Use Dairy Manure Nutrients Wisely pic 1

Understand the fertilizer value of dairy manure

  • Have your manure tested to know its value. You want to analyze samples that represent what you will spread. One way to do this is collect the sample as you are spreading, but you might want to know ahead of time (for example if you selling the manure to a neighbor). It takes many small subsamples thoroughly mixed together to make one good sample to send off to the lab. For example, with a liquid you might want to grab 10 or 15 subsamples of about 1 pint in size and mix them up really well in a bucket.
     
  • The University of Kentucky Agricultural Economics Department provides several useful spreadsheets (https://agecon.ca.uky.edu/budgets#Livestock_Forages). The Fertilizer Price Calculator allows you to input your price for various types of fertilizer and returns the value per unit of P2O5, K2O, or N. For example, if urea costs $900/ton, potash costs $810/ton, and DAP costs $860/ton then you’re paying $0.98/lb of N, $0.55/lb of P2O5 , and $0.68/lb of K2O.
     
  • If your manure test returns 42 lb of total N, 21 lb of P2O5, and 33 lb of K2O per 1000 gallons, then based on fertilizer replacement the manure is worth about $75 per 1000 gallons. If your soil test report does not call for any phosphorus (P) or potassium (K) then that manure is only worth $40 to you. Remember that you might lose nitrogen (N) value as ammonia gas volatilizing off the soil surface. In addition, you can lose significant amounts of N from Kentucky soils when you apply manure in the fall or winter when crops don’t need much N.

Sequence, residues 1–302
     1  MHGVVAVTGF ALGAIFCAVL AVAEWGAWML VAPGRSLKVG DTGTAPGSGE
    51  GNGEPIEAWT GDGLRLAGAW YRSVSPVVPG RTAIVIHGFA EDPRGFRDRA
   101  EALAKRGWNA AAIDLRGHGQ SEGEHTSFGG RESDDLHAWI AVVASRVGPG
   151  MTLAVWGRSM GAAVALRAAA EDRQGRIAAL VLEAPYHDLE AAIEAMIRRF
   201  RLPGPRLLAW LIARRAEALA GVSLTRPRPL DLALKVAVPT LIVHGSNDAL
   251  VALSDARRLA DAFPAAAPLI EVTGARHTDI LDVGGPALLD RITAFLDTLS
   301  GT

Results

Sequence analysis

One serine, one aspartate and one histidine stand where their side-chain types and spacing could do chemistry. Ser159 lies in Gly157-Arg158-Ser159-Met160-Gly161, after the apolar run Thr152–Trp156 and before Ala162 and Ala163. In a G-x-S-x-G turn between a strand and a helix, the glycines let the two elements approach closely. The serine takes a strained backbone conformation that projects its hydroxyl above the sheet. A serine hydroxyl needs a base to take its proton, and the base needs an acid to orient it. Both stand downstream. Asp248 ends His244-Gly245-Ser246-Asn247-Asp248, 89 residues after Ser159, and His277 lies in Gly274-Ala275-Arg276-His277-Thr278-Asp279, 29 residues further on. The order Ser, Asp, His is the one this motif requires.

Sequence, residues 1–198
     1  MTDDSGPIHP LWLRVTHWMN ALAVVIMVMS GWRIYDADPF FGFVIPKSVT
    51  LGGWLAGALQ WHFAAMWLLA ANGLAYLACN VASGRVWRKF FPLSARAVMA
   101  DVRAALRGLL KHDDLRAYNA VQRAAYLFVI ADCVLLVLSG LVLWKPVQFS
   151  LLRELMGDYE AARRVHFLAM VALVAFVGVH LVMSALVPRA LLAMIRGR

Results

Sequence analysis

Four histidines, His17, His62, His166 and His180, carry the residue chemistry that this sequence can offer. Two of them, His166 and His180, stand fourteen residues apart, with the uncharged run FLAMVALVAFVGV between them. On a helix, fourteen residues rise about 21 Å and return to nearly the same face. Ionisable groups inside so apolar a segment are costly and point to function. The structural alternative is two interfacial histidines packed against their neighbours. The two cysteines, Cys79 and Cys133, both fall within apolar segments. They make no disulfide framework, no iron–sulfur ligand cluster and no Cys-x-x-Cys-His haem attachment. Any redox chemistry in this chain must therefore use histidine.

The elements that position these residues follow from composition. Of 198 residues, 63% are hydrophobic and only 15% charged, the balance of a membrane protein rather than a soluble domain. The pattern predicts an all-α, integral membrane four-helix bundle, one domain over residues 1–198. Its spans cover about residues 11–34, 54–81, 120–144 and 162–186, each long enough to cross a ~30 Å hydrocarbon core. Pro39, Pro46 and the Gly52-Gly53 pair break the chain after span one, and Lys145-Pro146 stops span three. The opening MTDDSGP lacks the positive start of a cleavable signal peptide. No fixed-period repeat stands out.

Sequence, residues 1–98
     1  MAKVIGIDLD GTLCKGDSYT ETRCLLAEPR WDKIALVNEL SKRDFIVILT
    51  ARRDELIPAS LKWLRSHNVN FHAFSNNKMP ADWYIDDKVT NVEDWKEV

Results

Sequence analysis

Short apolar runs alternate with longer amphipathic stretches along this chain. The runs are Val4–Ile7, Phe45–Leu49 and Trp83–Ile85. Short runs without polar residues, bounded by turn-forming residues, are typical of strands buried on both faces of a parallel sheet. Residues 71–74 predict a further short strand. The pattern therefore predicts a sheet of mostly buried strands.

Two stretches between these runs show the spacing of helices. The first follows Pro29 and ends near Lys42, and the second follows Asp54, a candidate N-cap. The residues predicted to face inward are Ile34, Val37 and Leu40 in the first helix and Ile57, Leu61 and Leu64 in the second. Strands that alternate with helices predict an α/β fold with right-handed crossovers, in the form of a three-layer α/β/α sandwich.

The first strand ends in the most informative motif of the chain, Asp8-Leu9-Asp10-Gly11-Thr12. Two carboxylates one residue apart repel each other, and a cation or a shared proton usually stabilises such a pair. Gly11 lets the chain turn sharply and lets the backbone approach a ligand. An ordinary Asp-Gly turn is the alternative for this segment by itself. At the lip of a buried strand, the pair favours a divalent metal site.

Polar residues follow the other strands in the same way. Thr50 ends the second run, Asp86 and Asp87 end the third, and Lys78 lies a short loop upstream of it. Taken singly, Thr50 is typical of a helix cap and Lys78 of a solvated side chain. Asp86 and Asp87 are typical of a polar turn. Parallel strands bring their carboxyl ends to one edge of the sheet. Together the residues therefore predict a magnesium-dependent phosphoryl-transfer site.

• If your soil tests do not call for phosphorus or potassium, you might be able to sell your manure to a neighbor who has fields that need those nutrients. With current fertilizer prices many farmers are very interested in manure nutrients.

Know for sure if you need additional nitrogen fertilizer

  • If you have repeatedly applied manure to a field over the years, or have grown a legume recently (like alfalfa), you might not need that additional inorganic N fertilizer. That would be a big money saver with current N prices!!
     
  • To find out if you need extra N for your corn use the Pre-sidedress Soil Nitrate Test (PSNT). Collect a representative soil sample for each field. Unlike normal soil samples, PSNT samples need to be 12 inches deep and collected when corn plants are about 12 inches tall. To get a representative sample collect 20 soil cores and mix thoroughly in a clean plastic bucket. Then grab about a pint of soil from bucket. You want to air-dry that soil before sending to the lab. Nitrogen in field moist soil will change a lot on the way to the lab. To dry the soil, do not heat the soil, just spread it in a thin layer on a paper plate in front of a fan – set on low, you don’t want it all to blow away!
     
  • Many labs (including the University of Kentucky) provide PSNT analysis. You can even test the sample yourself with a high-quality testing kit (like the “Nitrachek” kit – beware most home soil test kits aren’t very good). We have a lot of confidence that if your PSNT comes back higher than 25 ppm nitrate-N (NO3-N) you don’t need to add additional fertilizer N. Talk to your County Agent about the PSNT if you’re interested!

High fertilizer prices provide risk and opportunity

  • Know what you need! Soil test for phosphorus (P), potassium (K) and pH. Apply just what you need. Now is not the time to apply “maintenance” rates or “build” for the future. Ask yourself if your per acre gain in feed is worth the per acre fertilizer bill? Stay on top of your lime program though – soil pH is the most important variable in a good crop fertility program.
     
  • Know what you are applying! Test your manure and check your spreader to know how much you are putting out.
     
  • If you can, use this time of high fertilizer prices to generate extra income by selling manure N, P, K, and organic matter to neighbors. They might even be willing to pay you to apply the product if they don’t have a manure spreader.